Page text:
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Clinical Diagnosis and treatment is an Inexact and Evolving Art and Science: IDSA Guidelines are not evolving

Medicine has never been an exact science and is dependent on research and new discoveries and the incorporation of new and updated clinical and evidence-based information and innovative approaches to treatment for illnesses. (For example we no longer use blood-letting as a form of treatment for “consumption.”) Guidelines written in 2006 for a disease that is constantly evolving because of the modes of infection (including sexual transmission and via placenta from mother to baby before childbirth,) the increasing incidence of ticks and their expanding territories due to climate change, the inadequacy of testing and the lack of a vaccine for prevention of Lyme and related Tick-Borne diseases are an abomination because they are more than a decade old and obsolete yet staunchly defended by infectious disease doctors who stubbornly adhere to obsolete information and treatment and eschew any new information informed by clinical practice. New information also identifies co-infective agents (in addition to Lyme) carried by ticks and includes other vectors carrying the disease and the extraordinary survival strategies of the infecting agent (spirochetes) which can morph into a variety of forms to avoid detection.

Historically, medications and treatments for certain maladies have evolved as new information is discovered or comes forward. The IDSA Guidelines are outdated and instead of being studied and validated per clinical evidence, research and peer review, they were grandfathered in to treat a disease that keeps evolving. Standards of care must necessarily change as discoveries and new avenues of treatment evolve, necessitating updated guidelines. And guidelines certainly should not be a test to take legal action against practitioners who choose to diagnose based on clinical signs and symptoms especially since standard tests available for Lyme are inaccurate almost half the time.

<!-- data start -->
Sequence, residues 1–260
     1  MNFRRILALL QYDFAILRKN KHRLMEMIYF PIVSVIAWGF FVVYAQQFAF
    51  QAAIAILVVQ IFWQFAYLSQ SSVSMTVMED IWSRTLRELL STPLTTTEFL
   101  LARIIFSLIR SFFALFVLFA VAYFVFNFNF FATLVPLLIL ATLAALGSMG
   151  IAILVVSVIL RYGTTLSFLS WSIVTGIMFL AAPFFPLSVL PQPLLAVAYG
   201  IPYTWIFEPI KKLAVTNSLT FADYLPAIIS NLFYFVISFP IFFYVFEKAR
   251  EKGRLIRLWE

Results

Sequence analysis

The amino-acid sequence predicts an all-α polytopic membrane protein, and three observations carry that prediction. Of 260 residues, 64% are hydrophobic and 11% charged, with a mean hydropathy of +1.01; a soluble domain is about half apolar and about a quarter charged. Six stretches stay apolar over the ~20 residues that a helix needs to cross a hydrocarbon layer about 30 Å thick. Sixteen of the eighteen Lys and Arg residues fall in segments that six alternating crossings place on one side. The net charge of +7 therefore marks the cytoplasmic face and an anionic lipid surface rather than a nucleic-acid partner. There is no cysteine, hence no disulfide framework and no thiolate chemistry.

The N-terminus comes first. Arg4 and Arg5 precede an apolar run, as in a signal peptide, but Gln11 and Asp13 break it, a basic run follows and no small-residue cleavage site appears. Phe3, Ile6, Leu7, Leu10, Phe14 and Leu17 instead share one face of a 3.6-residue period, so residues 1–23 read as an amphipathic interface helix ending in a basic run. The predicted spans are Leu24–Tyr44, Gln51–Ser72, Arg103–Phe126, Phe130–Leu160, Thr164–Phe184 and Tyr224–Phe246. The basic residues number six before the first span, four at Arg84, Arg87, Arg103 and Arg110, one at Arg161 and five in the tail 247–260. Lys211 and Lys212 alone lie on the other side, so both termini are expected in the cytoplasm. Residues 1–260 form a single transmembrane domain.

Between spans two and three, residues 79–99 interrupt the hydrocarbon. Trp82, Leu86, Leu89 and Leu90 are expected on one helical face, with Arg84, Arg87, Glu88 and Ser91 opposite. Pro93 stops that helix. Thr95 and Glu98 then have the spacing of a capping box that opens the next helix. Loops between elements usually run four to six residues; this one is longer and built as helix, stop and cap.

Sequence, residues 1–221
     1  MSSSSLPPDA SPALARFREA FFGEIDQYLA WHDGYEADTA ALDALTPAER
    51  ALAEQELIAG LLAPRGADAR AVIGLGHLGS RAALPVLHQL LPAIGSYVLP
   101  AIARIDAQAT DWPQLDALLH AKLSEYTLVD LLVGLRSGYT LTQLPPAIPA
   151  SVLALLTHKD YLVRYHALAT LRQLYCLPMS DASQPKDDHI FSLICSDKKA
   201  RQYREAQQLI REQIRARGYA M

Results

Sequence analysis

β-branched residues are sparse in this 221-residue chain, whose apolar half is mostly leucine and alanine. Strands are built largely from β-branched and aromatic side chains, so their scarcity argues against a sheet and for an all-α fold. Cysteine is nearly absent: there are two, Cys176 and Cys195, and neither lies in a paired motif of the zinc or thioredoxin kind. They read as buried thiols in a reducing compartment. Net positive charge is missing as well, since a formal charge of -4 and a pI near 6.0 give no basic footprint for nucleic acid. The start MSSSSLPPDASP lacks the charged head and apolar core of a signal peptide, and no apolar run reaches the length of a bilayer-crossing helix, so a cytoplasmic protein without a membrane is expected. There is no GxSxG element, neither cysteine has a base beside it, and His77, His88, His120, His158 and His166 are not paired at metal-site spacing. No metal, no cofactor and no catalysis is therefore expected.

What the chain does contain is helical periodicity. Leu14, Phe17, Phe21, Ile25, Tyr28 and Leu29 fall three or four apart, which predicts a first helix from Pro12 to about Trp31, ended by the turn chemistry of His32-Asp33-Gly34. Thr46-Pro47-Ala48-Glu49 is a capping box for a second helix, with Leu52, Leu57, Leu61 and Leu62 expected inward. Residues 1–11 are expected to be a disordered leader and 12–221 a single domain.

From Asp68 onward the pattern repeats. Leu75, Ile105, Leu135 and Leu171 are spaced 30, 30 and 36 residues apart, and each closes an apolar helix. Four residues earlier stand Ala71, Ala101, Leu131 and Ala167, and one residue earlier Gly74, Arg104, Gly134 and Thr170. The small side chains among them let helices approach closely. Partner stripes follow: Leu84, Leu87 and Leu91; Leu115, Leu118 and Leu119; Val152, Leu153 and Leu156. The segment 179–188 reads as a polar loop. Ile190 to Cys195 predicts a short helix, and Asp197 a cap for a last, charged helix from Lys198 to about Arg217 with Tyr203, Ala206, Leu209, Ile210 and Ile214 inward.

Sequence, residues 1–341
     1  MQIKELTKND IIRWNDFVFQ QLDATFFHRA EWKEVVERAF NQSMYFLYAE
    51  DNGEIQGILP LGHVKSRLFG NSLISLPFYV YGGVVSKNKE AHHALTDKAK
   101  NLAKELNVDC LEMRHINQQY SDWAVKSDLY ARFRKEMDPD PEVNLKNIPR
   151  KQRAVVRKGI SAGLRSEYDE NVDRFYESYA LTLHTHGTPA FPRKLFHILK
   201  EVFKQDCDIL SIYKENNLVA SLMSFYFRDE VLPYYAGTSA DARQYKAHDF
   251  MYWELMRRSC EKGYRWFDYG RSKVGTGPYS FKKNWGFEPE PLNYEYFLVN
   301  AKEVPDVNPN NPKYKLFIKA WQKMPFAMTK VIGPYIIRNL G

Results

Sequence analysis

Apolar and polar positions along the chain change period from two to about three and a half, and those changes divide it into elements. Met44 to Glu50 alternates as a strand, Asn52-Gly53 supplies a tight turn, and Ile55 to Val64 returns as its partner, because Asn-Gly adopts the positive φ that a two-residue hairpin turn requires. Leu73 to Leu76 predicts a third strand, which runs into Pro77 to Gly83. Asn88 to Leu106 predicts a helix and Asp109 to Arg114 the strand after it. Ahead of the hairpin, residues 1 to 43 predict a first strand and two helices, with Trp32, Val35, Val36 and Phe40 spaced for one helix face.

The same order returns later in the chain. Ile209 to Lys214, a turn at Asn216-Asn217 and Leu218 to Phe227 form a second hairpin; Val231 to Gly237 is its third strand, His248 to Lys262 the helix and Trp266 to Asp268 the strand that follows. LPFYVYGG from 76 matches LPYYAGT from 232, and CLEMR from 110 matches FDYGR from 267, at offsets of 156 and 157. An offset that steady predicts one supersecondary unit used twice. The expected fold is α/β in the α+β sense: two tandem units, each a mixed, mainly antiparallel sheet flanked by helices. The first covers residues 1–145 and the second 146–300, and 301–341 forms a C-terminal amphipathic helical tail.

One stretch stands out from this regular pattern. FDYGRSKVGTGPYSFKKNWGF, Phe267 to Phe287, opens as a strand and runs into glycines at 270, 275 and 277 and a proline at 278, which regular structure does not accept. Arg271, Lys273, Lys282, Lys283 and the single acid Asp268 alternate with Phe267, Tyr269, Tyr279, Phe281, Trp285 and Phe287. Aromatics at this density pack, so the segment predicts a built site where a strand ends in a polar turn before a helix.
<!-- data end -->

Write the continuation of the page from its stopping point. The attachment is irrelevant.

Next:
The current climate of friction between societies, treatment guidelines, and the scarcity of resources for those unfortunate enough to be afflicted with Lyme that went undiagnosed and untreated and has now overwhelmed the physical body, makes it nearly impossible to get the expertise and treatment needed. Doctors who claim something does not exist simply because it is inconvenient to their standard theories do a disservice to patients who struggle with a serious illness affecting all quality of life issues. The stubborn refusal of societies to evolve, cooperate, share resources result in patients being harmed as many have opted for suicide rather than live one more day in frustration and depression because they must suffer in the background while so-called “professionals” argue over minutiae.

Doctors who are actively engaged in the clinical diagnoses and treatment of Lyme patients forgotten or dismissed by others clinging tenaciously to obsolete information, must be given a voice in the quest for controlling an illness whose incidence is growing and that left unaddressed as it is now, threatens to become a serious epidemic while overwhelming the healthcare system.

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